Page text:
In lieu of an abstract, here is a brief excerpt of the content:

EDITORIAL PREFACE 3 “Now we are all but actors iN this world; we are oNe aNd all equal, we shall be judged as equals as sooN as life is over; yet, equal aNd similar iN ourselves, each has his special part at preseNt, each has his work, each has his missioN,—”1 This quotation—from the sixth of Newman’s Discourses Addressed to Mixed Congregations: “God’s Will: the End of Life”— is excerpted from a page-long paragraph: St. Paul on one occasion speaks of the world as a scene in a theatre. Consider what is meant by this.You know, actors on a stage are on an equality with each other really,but for the occasion they assume a difference of character;some are high,some are low, some are merry, and some sad.Well, would it not be a simple absurdity in any actor to pride himself on his mock diadem, or his edgeless sword,instead of attending to his part? what,if he did but gaze at himself and his dress? what, if he secreted, or turned to his own use, what was valuable in it? Is it not his business, and nothing else, to act his part well? common sense tells us so. Now we are all but actors in this world; we are one and all equal, we shall be judged as equals as soon as life is over; yet, equal and similar in ourselves, each has his special part at present, each has his work, each has his mission,—not to indulge his passions, not to make money, not to get a name in the world, not to save himself trouble, not to follow his bent, not to be selfish and self-willed, but to do what God puts on him to do. Although Newman ascribed his theatrical image of human actors and their activities to Saint Paul, one wonders whether his audience might also have been reminded of Shakespeare’s description of human life via a similar image in Macbeth: Life’s but a walking shadow, a poor player, That struts and frets his hour upon the stage, And then is heard no more. It is a tale Told by an idiot, full of sound and fury, Signifying nothing.2 Although both authors relied on stage-imagery,the implications are notably different. 1 John Henry Newman, Discourses Addressed to Mixed Congregations, 112; available at: discourses were“the first work that Newman published under his own name as a Roman Catholic priest”(Ian Ker, John Henry Newman: A Biography (Oxford: Clarendon Press, 1988), 342. 2 Macbeth, Act 5, scene 5, available at: -tomorrow. NEWMAN STUDIES JOURNAL 4 This Shakespearean passage characterized the transitory roles of human life as “signifying nothing”; in contrast, for Newman, although the actors on this world’s stage have quite different roles,these roles constitute a personal“mission”to discover and to do what God wants of each of us. This theme of “mission” is a leitmotiv in Newman’s writings—especially in his biographical reminiscences and his spiritual reflections. For example, his “first conversion”—so eloquently described in his Apologia Pro Vita Sua—resulted in a life-long conviction that Divine Providence was watching over him and guiding him for a purpose—although his destiny was not immediately evident.3 Similarly, his illness in Sicily convinced him that God had spared him for a providential mission in the Church of England on his return to his native country after his Mediterranean voyage.4 This discourse on “God’s Will”—delivered soon after he became an Oratorian priest—reflects his view that each person has a mission in the world. Such a view of life is spiritually evocative: it invites each person to engage in a personal journey of self-discovery in order “to do what God puts on him to do.” Simultaneously, such a pilgrimage is interwoven with the collateral journeys of his fellow pilgrims, whose “missions” he needs in order to fulfill his own. One is hardly surprised then that Newman treasured his friendships, because he saw his friends as exercising...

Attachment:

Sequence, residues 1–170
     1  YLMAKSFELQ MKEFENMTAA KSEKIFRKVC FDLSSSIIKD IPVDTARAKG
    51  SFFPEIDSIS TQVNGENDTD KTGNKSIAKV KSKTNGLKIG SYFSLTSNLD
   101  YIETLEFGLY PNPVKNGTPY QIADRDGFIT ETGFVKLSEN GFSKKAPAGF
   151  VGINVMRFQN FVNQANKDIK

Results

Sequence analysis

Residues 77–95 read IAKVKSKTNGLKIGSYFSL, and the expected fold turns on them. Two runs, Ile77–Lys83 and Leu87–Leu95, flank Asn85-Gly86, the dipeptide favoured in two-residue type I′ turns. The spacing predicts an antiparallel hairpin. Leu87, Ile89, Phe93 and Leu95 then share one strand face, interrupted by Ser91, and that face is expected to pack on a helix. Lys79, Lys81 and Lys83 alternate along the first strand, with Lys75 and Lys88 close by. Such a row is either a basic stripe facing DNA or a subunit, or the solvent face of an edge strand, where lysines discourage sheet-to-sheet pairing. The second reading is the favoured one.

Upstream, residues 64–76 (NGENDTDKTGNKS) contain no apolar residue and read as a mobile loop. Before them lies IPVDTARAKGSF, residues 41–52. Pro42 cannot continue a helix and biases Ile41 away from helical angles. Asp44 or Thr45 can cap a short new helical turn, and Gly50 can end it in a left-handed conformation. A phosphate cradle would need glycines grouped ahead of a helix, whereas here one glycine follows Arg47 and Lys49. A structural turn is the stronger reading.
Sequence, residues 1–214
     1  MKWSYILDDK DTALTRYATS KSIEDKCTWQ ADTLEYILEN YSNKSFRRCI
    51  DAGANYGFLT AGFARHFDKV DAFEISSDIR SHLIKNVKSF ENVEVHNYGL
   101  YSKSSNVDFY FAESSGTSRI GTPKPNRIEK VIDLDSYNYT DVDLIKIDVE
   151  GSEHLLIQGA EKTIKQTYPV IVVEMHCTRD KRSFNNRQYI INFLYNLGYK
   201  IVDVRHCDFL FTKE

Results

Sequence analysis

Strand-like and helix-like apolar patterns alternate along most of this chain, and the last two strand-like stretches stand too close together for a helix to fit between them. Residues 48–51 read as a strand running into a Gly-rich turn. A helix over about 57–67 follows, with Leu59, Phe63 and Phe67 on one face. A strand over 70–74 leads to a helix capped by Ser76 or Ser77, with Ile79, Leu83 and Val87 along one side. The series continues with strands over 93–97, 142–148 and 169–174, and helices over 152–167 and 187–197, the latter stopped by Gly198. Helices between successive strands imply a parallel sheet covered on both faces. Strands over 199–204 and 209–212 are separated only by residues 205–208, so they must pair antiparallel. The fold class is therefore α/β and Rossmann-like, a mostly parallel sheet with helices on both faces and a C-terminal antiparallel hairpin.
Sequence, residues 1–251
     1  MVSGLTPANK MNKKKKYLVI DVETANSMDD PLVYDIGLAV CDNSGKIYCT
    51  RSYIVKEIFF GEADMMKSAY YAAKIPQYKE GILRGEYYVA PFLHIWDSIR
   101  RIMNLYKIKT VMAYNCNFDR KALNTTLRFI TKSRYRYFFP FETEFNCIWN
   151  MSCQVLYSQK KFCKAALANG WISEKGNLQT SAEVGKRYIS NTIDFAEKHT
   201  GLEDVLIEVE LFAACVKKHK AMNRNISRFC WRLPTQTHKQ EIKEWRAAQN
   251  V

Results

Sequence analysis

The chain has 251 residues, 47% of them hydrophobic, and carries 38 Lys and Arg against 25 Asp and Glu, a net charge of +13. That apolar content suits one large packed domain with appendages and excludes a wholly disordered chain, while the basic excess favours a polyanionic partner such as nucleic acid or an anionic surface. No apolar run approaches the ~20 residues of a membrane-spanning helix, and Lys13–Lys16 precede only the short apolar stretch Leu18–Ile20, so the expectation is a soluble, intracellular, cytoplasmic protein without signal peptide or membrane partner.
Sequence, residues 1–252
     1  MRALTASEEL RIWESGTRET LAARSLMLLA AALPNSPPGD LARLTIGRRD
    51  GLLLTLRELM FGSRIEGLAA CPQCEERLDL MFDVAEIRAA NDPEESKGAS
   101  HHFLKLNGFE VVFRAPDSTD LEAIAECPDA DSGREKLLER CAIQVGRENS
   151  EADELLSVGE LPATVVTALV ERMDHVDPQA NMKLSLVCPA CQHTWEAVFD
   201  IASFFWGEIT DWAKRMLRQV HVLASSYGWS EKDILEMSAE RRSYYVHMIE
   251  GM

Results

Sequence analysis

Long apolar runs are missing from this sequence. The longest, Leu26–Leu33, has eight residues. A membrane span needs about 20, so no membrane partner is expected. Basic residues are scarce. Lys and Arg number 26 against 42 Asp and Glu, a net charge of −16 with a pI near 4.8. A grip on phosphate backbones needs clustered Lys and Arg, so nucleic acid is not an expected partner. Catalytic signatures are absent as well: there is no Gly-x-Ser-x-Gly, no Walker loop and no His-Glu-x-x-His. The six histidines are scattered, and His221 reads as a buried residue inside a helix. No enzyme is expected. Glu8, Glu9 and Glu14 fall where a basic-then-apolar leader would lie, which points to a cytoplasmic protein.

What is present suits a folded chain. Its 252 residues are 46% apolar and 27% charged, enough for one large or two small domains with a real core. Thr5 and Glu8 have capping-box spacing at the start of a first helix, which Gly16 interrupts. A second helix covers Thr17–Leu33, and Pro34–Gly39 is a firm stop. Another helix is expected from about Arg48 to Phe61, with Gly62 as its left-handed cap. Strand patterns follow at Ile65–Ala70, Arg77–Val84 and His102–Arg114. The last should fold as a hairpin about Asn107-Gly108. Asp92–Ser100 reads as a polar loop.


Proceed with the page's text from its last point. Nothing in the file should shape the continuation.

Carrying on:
Additional Information

Print ISSN
pp. 3-6
Launched on MUSE
Open Access
Back To Top

This website uses cookies to ensure you get the best experience on our website. Without cookies your experience may not be seamless.